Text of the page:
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*Originally Posted at MissioAlliance.org

shane-claiborne

 

Shane Claiborne graduated from Eastern University and did graduate work at Princeton Seminary. In 2010, he received an Honorary Doctorate from Eastern. His adventures have taken him from the streets of Calcutta where he worked with Mother Teresa to the wealthy suburbs of Chicago where he served at the influential mega-church Willow Creek. As a peacemaker, his journeys have taken him to some of the most troubled regions of the world – from Rwanda to the West Bank – and he’s been on peace delegations in Afghanistan and Iraq.

Shane is a founder and board member of The Simple Way, a faith community in inner city Philadelphia that has helped birth and connect radical faith communities around the world. He is married to Katie Jo, a North Carolina girl who also fell in love with the city (and with Shane). They were wed in St. Edwards church, the formerly abandoned cathedral into which homeless families relocated in 1995, launching the beginning of the Simple Way community and a new phase of faith-based justice making.

Shane writes and travels extensively speaking about peacemaking, social justice, and Jesus. Shane’s books include Jesus for President, Red Letter Revolution, Common Prayer, Follow Me to Freedom, Jesus, Bombs and Ice Cream, Becoming the Answer to Our Prayers – and his classic The Irresistible Revolution. He has been featured in a number of films including “Another World Is Possible” and “Ordinary Radicals.” His books are translated into more than a dozen languages. Shane speaks over 100 times a year, nationally and internationally.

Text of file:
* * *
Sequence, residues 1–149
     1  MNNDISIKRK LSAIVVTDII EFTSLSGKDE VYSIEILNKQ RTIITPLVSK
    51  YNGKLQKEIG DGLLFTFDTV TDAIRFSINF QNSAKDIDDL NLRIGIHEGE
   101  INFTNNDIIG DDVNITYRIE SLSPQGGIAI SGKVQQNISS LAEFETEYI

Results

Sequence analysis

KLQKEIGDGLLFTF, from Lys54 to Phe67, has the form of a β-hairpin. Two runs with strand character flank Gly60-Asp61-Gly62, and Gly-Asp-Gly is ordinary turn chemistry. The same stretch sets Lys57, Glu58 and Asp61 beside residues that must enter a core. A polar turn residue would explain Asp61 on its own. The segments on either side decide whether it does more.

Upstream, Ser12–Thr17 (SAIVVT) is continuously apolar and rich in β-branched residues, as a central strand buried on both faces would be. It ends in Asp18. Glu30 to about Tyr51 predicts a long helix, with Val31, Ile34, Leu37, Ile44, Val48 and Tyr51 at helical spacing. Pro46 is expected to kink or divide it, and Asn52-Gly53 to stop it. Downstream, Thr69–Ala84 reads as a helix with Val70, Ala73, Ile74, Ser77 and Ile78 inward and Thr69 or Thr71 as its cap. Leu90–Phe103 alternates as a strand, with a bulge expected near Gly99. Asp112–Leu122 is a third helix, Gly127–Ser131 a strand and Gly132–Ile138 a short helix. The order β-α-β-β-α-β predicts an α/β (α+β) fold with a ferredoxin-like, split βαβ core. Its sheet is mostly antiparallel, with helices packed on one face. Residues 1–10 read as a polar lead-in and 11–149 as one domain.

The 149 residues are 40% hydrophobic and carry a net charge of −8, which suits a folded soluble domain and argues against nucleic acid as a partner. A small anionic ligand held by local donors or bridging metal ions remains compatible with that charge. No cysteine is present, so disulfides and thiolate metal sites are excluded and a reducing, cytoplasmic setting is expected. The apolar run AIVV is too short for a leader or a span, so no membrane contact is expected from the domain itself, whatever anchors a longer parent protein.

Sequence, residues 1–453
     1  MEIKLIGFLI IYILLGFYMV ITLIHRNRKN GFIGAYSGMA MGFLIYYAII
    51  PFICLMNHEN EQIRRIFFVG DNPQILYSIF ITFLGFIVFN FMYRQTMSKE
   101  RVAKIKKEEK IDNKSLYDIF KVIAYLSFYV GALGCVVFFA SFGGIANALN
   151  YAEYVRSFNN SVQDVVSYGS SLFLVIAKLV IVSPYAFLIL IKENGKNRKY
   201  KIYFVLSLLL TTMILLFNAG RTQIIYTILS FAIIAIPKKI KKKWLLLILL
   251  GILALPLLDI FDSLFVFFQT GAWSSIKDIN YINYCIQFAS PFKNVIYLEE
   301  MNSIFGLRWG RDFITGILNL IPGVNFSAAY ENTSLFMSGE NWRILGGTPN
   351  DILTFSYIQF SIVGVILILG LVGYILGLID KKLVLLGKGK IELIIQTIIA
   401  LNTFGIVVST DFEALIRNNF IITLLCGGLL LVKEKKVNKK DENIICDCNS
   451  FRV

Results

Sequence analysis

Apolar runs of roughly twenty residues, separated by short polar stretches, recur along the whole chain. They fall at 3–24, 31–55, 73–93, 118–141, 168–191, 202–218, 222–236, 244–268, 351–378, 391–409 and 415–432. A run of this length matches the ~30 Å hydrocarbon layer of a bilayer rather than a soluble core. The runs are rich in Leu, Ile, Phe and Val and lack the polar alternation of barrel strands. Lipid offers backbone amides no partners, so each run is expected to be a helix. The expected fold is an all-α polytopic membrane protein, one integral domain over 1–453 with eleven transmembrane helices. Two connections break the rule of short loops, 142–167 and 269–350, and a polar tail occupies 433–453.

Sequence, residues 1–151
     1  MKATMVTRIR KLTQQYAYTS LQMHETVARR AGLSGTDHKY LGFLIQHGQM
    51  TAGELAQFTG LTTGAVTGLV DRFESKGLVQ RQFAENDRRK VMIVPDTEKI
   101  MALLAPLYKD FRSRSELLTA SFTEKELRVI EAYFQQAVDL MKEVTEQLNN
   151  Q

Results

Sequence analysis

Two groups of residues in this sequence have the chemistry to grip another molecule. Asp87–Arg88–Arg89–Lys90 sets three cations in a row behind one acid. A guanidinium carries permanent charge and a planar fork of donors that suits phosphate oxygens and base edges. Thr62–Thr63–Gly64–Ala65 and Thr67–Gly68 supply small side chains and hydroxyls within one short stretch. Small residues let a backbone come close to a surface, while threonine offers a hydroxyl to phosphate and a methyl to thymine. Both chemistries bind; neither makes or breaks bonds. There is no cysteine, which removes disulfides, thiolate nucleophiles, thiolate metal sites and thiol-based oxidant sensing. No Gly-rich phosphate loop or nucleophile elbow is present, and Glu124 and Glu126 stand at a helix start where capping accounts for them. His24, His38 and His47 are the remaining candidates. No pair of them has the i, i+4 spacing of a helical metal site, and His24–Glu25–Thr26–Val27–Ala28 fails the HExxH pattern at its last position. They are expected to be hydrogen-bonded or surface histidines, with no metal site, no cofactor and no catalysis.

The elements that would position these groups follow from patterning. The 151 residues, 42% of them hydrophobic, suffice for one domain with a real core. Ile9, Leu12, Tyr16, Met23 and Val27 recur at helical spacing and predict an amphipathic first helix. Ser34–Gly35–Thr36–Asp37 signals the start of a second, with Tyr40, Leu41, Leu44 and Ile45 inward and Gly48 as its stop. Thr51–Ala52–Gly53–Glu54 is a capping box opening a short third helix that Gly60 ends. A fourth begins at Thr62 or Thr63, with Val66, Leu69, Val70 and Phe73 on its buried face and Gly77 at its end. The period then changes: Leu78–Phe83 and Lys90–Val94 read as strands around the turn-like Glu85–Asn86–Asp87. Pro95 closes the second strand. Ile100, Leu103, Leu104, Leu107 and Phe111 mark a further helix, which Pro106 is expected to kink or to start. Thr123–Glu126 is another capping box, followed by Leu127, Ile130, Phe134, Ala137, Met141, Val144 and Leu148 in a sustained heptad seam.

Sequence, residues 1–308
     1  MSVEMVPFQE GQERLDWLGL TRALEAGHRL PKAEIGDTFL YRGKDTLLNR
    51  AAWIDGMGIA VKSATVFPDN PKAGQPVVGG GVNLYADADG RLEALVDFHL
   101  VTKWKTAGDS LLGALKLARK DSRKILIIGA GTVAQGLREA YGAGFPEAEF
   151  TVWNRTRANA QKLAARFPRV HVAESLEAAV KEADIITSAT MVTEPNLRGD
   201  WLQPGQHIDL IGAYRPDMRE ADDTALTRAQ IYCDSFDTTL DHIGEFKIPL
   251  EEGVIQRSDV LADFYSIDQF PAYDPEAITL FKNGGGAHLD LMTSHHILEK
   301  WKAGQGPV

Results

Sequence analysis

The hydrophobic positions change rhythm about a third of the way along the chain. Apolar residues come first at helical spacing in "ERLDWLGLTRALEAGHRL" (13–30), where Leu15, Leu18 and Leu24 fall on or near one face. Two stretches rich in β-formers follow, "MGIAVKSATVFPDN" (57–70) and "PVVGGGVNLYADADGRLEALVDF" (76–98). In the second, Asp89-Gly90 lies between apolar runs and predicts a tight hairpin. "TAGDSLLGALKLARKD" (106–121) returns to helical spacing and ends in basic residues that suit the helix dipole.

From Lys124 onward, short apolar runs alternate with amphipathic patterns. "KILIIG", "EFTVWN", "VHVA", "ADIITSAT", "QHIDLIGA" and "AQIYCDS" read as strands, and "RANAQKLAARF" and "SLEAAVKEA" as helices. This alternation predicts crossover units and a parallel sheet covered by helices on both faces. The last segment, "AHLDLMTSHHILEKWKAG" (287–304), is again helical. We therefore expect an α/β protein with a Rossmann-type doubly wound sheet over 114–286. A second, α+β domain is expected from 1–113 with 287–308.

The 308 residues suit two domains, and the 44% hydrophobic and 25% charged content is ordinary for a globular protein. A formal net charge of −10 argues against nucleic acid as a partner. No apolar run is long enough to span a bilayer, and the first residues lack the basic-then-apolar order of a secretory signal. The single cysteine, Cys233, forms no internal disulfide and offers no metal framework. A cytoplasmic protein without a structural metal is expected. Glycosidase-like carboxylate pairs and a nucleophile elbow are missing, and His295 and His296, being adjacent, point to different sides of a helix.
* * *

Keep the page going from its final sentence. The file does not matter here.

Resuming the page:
His work has appeared in Esquire, SPIN, Christianity Today, and The Wall Street Journal, and he has been on everything from Fox News and Al Jazeera to CNN and NPR. He’s given academic lectures at Harvard, Princeton, Brown, Liberty, Duke, and Notre Dame. Shane speaks regularly at denominational gatherings, festivals, and conferences around the globe.

 

Executing Grace: How the Death Penalty Killed Jesus and Why It’s Killing Us

In this reasoned exploration of justice, retribution, and redemption, the champion of the new monastic movement, popular speaker, and author of the bestselling The Irresistible Revolution offers a powerful and persuasive appeal for the abolition of the death penalty.

The Bible says an eye for an eye. But is the state’s taking of a life true—or even practical—punishment for convicted prisoners? In this thought-provoking work, Shane Claiborne explores the issue of the death penalty and the contrast between punitive justice and restorative justice, questioning our notions of fairness, revenge, and absolution.

Using an historical lens to frame his argument, Claiborne draws on testimonials and examples from Scripture to show how the death penalty is not the ideal of justice that many believe. Not only is a life lost, so too, is the possibility of mercy and grace. In Executing Grace, he reminds us of the divine power of forgiveness, and evokes the fundamental truth of the Gospel—that no one, even a criminal, is beyond redemption.